Yesterday, Qualcomm announced a new SoC for its Snapdragon S4 Play category, the MSM8x26, and alongside it a new transceiver, WTR2605. The announcement was a little light on detail and I waited until confirmation of a few details, but now know more about these two new parts geared at the growing entry-level Chinese handset market.

First off, MSM8x26 is a 28nm SoC consisting of four ARM Cortex A7 CPUs running at (1.2 GHz) alongside an Adreno 305 GPU. This is to my knowledge the first Qualcomm SoC using a Cortex A7 for CPU, previously we've seen a lot of Cortex A5 use at Qualcomm in parts like MSM8x25 (dual A5s), MSM8x25Q (quad A5s), and also onboard baseband as an optional AP for managing things like a router. MSM8x26 is the spiritual successor to MSM8x25Q, which was again quad core ARM Cortex A5s at 45nm with Adreno 203 graphics. MSM8x26 should bring a nice jump in performance on both CPU and GPU over that part, in addition to supporting 1080p video encode and decode, and support for 13 MP cameras. MSM8x26 will come in two flavors, 8226 with UMTS and TD-SCDMA, and 8626 with UMTS, CDMA, and TD-SDCMA, consistent with Qualcomm's part numbering scheme. 

The other part of the story is the new transceiver, WTR2605, whose name suggests a wafer-level package (W for wafer) and includes necessary improvements to accommodate dual SIM active and standby modes (DS-DS operation) popular in the entry level Chinese market MSM8x26 is geared at. I don't know anything further about the WTR2605 or how it compares in terms of RF ports to WTR1605L, which is Qualcomm's current flagship transceiver, but suspect it's an evolution of that design with changes to accommodate the dual SIM modes. We'll have a piece ready later in the week about WTR1605 and the state of Qualcomm's modem portfolio.

Source: Qualcomm

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  • lmcd - Saturday, December 15, 2012 - link

    A9 wasn't actually that appealing of a core. There was some part of the A9 that was gimped, something that really didn't make sense to gimp. Unfortunately my tiny little brain can't remember what. I'm pretty sure it wasn't gimped in A8. Besides, A7 is like 1/4 the die space of an A9, and only really loses out due to the OoO architecture loss, which doesn't seem as huge when you have four cores to deal with those bottlenecks.

    I remember it (right now) as Krait and non-Krait. Non Krait is basically an A8. Krait is halfway between A9 and A15 and doesn't seem to have the exact weakness the A9 does.
  • GrizzledYoungMan - Wednesday, December 5, 2012 - link

    Because, honestly, I can't keep these f'ing things straight. You know, something that gives a good overview of the history of each part, it's intended usage, power characteristics, basic architectural features (in order, out of order, etc etc etc).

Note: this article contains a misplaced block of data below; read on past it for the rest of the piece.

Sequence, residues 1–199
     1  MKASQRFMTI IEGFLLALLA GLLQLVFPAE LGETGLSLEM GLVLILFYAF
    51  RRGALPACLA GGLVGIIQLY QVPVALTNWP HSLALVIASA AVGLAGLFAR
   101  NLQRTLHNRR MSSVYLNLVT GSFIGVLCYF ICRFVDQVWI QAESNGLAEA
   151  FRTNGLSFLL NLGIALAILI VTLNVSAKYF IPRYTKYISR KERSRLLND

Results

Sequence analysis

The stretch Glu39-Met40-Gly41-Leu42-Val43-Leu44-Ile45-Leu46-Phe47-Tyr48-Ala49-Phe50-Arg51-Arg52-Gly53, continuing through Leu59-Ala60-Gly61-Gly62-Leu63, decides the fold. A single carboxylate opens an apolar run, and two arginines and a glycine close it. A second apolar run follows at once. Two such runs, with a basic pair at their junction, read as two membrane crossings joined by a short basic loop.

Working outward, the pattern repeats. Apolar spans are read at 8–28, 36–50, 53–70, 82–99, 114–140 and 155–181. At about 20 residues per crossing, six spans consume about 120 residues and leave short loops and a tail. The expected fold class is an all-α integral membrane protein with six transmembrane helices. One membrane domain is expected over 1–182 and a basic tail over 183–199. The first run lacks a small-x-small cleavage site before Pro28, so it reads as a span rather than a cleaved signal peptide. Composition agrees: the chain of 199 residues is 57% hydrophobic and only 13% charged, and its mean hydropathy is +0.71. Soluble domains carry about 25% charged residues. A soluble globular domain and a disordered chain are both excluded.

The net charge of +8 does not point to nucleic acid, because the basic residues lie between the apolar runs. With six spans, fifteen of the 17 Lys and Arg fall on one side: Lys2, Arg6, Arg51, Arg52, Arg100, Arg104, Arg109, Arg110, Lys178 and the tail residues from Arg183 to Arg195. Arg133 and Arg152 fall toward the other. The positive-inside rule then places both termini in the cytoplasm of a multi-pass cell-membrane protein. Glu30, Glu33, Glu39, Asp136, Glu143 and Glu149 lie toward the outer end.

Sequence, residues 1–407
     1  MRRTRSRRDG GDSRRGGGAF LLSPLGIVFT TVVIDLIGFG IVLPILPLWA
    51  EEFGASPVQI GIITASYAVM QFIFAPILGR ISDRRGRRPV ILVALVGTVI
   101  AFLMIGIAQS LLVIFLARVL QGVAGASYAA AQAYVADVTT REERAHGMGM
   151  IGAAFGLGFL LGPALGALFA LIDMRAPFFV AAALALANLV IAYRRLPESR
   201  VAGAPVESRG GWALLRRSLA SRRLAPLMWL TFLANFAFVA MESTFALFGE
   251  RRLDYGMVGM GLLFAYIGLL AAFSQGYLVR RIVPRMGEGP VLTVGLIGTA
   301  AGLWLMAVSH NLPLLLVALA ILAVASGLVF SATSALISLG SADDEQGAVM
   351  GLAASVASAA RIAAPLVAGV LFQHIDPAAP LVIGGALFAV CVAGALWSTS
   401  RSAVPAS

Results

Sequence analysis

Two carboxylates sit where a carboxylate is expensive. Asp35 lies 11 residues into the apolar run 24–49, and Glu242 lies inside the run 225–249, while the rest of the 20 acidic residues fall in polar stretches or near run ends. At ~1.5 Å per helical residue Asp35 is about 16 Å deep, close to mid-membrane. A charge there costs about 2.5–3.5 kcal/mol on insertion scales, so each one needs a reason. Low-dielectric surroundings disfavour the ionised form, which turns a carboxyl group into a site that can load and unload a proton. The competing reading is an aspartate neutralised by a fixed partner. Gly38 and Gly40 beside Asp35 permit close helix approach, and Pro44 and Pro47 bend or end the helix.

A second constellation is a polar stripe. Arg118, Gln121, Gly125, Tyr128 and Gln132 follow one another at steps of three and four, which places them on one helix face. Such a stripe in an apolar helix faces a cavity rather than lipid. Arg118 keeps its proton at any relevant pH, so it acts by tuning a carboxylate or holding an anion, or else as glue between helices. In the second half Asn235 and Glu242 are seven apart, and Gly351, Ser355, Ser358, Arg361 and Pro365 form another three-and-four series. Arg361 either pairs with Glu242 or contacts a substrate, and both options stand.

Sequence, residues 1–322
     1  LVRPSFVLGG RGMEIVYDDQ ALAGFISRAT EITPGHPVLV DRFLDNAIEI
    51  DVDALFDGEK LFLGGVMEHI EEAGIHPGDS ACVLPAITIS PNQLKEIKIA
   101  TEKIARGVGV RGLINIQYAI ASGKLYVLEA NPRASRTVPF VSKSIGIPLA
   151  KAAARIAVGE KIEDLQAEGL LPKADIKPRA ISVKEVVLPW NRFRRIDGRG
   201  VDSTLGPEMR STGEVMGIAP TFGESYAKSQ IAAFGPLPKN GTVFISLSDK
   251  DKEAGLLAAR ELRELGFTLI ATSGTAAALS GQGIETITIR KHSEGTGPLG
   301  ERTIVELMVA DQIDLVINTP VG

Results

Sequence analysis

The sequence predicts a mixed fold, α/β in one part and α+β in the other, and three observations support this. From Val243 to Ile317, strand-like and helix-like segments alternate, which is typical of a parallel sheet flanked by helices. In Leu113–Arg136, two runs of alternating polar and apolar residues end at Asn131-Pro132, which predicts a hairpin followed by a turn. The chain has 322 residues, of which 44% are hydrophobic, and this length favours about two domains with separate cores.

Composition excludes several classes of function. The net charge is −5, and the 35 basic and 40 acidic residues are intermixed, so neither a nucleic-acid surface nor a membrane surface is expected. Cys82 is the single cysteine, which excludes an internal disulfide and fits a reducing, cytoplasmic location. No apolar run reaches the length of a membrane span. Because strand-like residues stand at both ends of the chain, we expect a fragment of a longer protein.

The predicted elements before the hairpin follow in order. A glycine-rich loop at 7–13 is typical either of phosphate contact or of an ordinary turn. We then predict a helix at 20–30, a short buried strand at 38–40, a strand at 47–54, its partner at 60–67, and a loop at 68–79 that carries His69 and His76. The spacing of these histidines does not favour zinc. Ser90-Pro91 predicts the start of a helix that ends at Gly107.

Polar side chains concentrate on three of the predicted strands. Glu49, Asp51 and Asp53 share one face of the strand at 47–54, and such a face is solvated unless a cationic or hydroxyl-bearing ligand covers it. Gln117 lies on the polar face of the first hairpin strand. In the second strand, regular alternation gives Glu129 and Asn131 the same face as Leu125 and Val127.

Not trying to give you more work, Brian, although something tells me you'd relish the challenge.
  • MadMan007 - Wednesday, December 5, 2012 - link
  • ET - Thursday, December 6, 2012 - link

    ARM has a page on its CPU's:

    Click the Compare Processors tab.

    (That of course doesn't include non-ARM cores.)
  • GrizzledYoungMan - Thursday, December 6, 2012 - link

    All helpful, thanks, but not exactly what I'm referring to. I'm thinking of something that is more narrative, and offers a bit of analysis (and depth) as to the practical implications of these architectural changes and evolutions.
  • agag - Friday, December 7, 2012 - link

    I don't think that information is out there in a coherent form. I worked at Qualcomm for a year and it took me at least six months to have any idea what was going on.
  • 1008anan - Monday, December 10, 2012 - link

    When does MSM8x26 hit cell phones?

    I don't see the point of four A7 Cortex cores that are not combined with at least one high single threaded performance core.

    Almost all cell phone applications depend on single threaded performance (since our libraries and tool-sets that use parallel multi-threaded power efficient code are so incomplete.) Wouldn't a cell phone powered by an Apple Swift A6 core (or Krait/A15 equivalent) with one A7 or cortex M4 companion core (that kicks in when the high performance core is turned off) be higher performance with better battery life? For that matter a single Intel Atom Z Medfield would probably have better performance and probably better battery life (because of how fast it switches between active states)

    Brian, could you explain QCOM's rational?
  • lmcd - Saturday, December 15, 2012 - link

    I really want to see an A15 paired with two A7s, full-on Adreno 320 graphics, and a small graphics coprocessor for compositing like TI had on their 4470. The A7s and coprocessor would be really efficient and make for a great battery life, while the A15 and 320 would make for great performance in games.

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